Richard Heene of the Science Detective Research Group believes its possible to detect tornadoes up to two hours sooner than ever before by tracking them through very low frequency (VLF) sound waves.
But in order to test his theory, he needs film and audio footage of between 20 to 30 tornadoes. Heene figures that by linking up the video and audio signals, he can identify certain sounds that mark dangerous periods during storms and create a predictive measurement for future twisters.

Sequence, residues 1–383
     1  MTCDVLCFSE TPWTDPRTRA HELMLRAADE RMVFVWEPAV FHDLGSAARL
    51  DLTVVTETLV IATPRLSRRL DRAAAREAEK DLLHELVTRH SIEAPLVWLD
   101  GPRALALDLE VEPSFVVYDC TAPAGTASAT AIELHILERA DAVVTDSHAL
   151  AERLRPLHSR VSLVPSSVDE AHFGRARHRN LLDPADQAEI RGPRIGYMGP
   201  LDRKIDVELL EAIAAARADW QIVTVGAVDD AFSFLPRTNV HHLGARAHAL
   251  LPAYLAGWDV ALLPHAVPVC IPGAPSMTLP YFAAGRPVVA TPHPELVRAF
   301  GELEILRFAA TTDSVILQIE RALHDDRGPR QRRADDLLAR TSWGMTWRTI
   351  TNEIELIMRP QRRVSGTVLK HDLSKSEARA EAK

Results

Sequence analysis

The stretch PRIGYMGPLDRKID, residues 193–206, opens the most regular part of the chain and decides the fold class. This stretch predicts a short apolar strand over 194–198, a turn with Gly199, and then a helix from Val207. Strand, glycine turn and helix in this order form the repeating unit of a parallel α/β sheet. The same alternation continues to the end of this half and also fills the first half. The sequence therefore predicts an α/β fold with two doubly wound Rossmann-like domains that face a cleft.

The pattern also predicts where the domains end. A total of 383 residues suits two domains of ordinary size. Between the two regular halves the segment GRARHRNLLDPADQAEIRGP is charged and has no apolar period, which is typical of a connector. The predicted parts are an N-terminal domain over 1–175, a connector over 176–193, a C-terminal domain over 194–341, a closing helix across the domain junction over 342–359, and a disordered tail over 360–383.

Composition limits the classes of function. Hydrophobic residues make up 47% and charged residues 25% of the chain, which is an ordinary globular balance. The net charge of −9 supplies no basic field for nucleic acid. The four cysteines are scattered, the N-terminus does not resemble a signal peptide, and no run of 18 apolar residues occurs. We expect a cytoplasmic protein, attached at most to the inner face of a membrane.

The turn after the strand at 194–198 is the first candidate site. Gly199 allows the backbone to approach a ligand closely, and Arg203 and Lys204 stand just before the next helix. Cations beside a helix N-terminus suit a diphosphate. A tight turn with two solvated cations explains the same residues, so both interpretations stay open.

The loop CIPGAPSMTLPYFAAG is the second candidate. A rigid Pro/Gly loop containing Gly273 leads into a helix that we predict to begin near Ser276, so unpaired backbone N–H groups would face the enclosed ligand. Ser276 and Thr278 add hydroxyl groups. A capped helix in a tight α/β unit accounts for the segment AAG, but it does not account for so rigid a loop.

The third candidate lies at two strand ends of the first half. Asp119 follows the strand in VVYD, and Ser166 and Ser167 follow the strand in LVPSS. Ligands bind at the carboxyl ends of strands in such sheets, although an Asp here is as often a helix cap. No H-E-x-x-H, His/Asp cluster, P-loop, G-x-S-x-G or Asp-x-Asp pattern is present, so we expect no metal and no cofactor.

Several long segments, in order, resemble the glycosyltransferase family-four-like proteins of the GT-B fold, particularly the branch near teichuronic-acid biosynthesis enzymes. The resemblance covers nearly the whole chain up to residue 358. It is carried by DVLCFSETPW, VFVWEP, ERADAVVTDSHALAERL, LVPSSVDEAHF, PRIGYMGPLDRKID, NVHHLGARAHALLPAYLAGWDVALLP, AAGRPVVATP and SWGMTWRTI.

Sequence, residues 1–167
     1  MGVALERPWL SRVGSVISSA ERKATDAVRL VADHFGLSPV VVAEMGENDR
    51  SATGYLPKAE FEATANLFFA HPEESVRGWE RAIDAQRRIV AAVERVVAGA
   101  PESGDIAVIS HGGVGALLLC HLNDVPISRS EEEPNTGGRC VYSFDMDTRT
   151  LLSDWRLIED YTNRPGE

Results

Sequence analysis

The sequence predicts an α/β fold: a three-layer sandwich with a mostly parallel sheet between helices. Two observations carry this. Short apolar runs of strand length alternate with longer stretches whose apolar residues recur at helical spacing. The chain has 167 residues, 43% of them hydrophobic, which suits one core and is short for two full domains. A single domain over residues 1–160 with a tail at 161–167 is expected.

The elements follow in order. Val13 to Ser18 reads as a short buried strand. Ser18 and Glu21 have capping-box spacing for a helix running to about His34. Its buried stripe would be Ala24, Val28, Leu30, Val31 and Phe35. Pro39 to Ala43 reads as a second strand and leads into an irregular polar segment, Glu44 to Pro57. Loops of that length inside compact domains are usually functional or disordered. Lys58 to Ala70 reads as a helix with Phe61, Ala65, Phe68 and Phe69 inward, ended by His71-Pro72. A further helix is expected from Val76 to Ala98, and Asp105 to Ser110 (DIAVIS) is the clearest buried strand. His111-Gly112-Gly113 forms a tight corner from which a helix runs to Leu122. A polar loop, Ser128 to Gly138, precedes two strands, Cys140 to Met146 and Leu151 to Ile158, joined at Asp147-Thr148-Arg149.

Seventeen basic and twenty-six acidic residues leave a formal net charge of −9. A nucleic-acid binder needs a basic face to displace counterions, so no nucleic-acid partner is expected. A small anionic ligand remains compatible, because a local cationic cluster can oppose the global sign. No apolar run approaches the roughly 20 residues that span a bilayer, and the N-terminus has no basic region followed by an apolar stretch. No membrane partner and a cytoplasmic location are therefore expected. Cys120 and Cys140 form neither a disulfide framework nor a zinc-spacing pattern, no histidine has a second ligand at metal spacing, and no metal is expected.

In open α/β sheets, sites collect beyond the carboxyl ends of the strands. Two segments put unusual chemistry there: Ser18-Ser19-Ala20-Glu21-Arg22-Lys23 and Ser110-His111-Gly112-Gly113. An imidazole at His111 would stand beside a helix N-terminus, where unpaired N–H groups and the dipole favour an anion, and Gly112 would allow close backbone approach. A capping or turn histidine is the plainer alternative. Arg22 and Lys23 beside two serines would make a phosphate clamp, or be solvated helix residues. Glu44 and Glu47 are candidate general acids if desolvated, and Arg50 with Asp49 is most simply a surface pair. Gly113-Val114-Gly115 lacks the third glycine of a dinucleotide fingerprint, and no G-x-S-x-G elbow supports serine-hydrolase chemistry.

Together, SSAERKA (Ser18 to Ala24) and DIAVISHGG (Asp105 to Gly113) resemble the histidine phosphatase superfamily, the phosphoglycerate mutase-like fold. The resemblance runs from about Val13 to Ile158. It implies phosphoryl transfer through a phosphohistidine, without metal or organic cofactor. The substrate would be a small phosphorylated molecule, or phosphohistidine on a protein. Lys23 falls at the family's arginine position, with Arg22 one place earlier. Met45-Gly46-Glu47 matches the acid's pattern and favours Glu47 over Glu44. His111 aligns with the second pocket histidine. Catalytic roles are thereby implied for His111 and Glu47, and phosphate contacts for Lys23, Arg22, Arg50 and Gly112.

Time is of the essence for Heene, who wants to do his twisted research during May, when as many as 500 twisters are expected to roll through South Dakota, Texas and Oklahoma.
Any video camera will work, but participating storm chasers need a device called a VLF receiver that converts the low frequency sounds emitted by the twisters into tones that can be heard by human ears.
More information on his storm chasing campaign can be found at www.tam.la.
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